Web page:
A new study published in the
BMJ Quality and Safety Journal found that 5% of adults seeking outpatient care are misdiagnosed—equaling
roughly 12 million people. The risk of being misdiagnosed can be deadly.
When a patient with
cancer or other serious illnesses doesn’t receive appropriate medical treatment
due to a misdiagnosis, the results could be fatal. In fact, it is estimated
that 40,000 to 80,000 deaths a year occur directly from misdiagnosis.
In the past, studies on
medical malpractice have focused on hospital settings. This study is the first to focus on
outpatient settings, which have increased in popularity in recent years.
Misdiagnosis in those settings affects everyone and threatens each one
of us who ever goes to a doctor for treatment.
Misdiagnosis from cancer to pneumonia can have fatal consequences. Take
the death of John Ritter for example. In 2003, the actor was misdiagnosed
two times with heartburn and other similar conditions before he died suddenly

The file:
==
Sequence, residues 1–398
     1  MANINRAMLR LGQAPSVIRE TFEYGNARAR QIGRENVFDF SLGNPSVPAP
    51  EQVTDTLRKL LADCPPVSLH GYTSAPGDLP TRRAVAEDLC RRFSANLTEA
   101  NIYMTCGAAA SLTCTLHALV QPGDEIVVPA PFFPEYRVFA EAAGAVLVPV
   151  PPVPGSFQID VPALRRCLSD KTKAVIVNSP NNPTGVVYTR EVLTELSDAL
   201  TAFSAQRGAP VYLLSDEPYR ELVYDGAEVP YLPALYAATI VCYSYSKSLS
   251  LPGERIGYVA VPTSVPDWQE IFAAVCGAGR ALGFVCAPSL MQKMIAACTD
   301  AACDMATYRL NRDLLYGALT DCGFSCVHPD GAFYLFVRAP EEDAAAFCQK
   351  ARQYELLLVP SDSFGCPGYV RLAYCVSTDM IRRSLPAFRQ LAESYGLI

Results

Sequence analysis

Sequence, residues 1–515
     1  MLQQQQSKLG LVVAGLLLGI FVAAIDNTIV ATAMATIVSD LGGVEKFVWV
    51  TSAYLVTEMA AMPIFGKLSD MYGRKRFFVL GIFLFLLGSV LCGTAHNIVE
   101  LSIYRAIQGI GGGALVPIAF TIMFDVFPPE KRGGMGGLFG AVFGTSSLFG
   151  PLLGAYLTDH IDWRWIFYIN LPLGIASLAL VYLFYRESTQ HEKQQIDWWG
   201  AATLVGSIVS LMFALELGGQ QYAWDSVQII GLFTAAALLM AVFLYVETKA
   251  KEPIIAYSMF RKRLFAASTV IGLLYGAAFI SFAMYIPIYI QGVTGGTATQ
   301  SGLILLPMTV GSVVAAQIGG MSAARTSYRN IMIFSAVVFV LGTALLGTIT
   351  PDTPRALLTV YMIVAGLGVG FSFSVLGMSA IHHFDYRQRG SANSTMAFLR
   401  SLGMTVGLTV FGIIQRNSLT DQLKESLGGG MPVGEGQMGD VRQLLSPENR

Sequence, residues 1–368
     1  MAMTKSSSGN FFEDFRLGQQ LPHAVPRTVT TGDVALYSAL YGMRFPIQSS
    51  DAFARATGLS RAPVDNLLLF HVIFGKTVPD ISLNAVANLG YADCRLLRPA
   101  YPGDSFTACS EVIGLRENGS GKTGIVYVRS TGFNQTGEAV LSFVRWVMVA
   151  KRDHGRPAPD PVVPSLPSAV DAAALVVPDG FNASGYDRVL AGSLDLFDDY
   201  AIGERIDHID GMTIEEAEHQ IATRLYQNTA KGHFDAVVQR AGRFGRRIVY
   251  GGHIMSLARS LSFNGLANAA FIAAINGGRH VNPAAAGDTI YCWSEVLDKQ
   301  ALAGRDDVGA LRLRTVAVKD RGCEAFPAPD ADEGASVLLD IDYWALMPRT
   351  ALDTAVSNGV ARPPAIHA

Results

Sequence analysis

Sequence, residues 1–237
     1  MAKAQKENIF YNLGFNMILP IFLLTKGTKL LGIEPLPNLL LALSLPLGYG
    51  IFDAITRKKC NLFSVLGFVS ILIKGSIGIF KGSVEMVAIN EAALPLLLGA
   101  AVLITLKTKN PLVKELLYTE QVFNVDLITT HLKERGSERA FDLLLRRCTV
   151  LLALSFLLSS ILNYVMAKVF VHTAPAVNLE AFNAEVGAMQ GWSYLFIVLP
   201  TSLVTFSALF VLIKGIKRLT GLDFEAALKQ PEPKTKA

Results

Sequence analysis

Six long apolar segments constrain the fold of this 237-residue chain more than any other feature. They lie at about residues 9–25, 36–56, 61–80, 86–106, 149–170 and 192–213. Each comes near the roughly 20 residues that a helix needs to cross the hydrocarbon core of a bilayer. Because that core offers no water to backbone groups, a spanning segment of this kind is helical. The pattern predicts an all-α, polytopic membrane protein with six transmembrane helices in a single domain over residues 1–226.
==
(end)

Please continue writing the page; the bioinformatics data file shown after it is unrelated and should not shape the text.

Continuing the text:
from aortic dissection. Other common conditions that are misdiagnosed
include heart attacks, clogged arteries, infections, and cancer.
Misdiagnosis occurs at an alarmingly rate, making it the leading cause
of medical malpractice in the United States. Overcrowded hospitals and
clinical settings and understaffed units combine to make this problem
even worse. Doctors and clinicians simply don’t have the time to
spend with each patient to review similar symptoms and put the pieces
together. As a result, many patients are sent home with the wrong diagnosis—and
the wrong medications.
Patients can help protect themselves by being assertive and describing
their symptoms accurately. If a doctor doesn’t seem to have time
to spend with you, consider getting a second and third opinion—especially
if the symptoms are severe or are not improving.
Delays in treatment could be the difference between life and death. If you or someone you
love has been harmed due to a misdiagnosis, you need a law firm on your
side; contact a Fort Lauderdale medical malpractice attorney at Kelley/Uustal.